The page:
In contrast, atom interferometers use atoms rather than light, which move around a lot more slowly. Better still, the atoms used in cold atom interferometers are cooled down to very low temperatures, reducing their speed even more. This means that the atoms can be split apart for long periods of time even in small instruments, making cold atom interferometer’s very attractive for gravitational measurements.

Making the theory a reality

The value of cold atom interferometers to space-borne sensing has been recognised since at least 2010 when this technology was mentioned in the European Space Agency’s ‘Roadmap for Fundamental Physics in Space’, and since this time there has been a small but consistent number of patent applications relating to cold atom interferometer technology that might one day be used in space being filed annually (see the EPOs recent ‘Quantum technologies and space’ report). These filings reflect the sustained interest in the technology, as well as the ongoing efforts of science and industry to overcome the remaining challenges preventing cold atom interferometers from being used in space missions.

One recent example of a project moving things forward is the Cold Atom Space Payload (CASPA) mission, which aimed to reduce the size and weight of the device that generates the cold atoms for use in the interferometer. The device itself works in two stages. First, it uses a magnetic field generated by a series of electromagnets to trap the atoms within the device. Then, once the atoms are trapped, the device cools the atoms down using a set of six orthogonal counter propagating lasers (basically, the lasers are pointing inwards towards the six faces of an imaginary cube), where the frequency of the lasers is precisely controlled so that photons from a particular laser can only be absorbed by atoms moving toward that laser. Once a photon has been absorbed, the exited atom will then (most likely) reemit the photon in a different direction to that followed by the original photon, meaning that the atom will end up travelling toward the laser more slowly than it was originally. By cycling through this mechanism, known as Doppler cooling, many times, the speed of the atoms (and by extension their ‘temperature’) is reduced to near zero.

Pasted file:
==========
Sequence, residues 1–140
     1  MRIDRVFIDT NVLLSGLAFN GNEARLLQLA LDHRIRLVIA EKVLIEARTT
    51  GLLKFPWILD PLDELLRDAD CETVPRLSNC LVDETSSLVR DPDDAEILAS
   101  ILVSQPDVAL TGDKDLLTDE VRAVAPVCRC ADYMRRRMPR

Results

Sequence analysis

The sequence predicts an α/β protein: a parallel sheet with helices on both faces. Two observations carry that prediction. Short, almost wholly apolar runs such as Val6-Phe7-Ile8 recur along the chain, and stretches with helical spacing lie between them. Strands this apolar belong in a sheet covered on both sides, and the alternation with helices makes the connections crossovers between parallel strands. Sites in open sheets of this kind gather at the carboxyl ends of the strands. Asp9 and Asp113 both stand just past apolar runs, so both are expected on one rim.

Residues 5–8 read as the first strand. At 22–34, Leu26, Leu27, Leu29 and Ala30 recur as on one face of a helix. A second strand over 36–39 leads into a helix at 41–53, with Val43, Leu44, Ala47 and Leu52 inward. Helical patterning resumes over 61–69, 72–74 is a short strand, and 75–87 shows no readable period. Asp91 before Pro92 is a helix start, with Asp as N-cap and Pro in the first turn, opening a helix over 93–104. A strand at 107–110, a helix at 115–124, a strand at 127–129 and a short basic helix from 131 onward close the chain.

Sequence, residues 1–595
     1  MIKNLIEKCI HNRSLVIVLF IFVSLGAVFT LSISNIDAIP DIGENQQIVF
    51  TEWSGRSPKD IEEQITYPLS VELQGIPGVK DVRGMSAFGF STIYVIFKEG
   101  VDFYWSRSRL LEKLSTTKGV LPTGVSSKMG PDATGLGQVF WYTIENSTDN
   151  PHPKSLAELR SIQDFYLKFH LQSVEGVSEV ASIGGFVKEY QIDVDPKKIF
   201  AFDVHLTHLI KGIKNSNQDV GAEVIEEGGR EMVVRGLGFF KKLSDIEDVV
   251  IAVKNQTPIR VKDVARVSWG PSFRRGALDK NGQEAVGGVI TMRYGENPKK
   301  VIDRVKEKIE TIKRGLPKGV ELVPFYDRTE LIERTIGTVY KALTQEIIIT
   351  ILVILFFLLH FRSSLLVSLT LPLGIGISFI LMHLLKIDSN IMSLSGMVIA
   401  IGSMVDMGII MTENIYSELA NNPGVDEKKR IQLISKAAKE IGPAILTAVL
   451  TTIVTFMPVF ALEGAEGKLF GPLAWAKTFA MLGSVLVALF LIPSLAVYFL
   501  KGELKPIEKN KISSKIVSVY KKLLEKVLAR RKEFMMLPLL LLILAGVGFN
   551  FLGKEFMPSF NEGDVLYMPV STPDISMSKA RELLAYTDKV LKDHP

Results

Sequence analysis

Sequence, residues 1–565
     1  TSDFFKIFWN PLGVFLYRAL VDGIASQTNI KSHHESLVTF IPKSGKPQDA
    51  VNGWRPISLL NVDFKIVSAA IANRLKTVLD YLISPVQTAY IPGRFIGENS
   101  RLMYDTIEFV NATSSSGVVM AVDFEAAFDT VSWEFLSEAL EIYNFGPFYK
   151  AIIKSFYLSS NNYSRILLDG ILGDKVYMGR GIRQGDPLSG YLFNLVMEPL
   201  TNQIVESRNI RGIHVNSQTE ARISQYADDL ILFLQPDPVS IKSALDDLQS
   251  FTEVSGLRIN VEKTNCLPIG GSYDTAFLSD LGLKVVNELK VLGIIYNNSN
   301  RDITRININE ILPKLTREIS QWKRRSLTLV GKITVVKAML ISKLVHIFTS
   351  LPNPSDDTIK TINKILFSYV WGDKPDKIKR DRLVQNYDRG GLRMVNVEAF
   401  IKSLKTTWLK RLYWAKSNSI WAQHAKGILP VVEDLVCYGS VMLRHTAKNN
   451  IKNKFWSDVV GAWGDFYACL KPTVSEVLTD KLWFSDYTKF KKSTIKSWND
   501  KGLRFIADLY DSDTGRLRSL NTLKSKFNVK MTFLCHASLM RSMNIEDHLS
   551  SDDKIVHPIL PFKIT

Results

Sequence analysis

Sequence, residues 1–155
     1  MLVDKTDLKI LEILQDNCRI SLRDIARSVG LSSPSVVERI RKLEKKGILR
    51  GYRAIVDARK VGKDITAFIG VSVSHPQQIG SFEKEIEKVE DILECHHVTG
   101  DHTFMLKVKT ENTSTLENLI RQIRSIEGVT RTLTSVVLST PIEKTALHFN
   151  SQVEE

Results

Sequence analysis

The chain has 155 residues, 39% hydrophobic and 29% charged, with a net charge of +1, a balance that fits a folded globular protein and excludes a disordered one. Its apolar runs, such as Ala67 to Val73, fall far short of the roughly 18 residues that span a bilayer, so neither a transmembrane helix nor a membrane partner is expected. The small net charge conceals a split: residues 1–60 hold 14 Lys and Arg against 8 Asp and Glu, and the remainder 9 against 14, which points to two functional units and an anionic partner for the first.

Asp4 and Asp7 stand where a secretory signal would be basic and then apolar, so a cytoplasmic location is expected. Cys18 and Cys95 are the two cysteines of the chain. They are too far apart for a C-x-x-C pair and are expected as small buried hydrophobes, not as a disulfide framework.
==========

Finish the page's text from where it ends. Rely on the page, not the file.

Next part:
Now, it might be expected that a relatively complex device such as this would be quite big, and so offset some of the size advantage that the cold atom interferometer gains from using cold atoms in the first place. However, the CASPA project has been able to reduce this entire system into a 4kg payload that fits into a 20 x 20 x 10 cm space (see Gravity sensing: cold atom trap onboard a 6U CubeSat), meaning that this essential component of the cold atom interferometer can be more easily (and cheaply) transported into space.

Of course, this result is not the final piece of the puzzle for space-based cold atom interferometers, with those involved in the project themselves acknowledging that this is only an intermediate step. But what it does show is that it is more a question of when, not if, we see quantum sensors such as this being used to make gravitational measurements in space.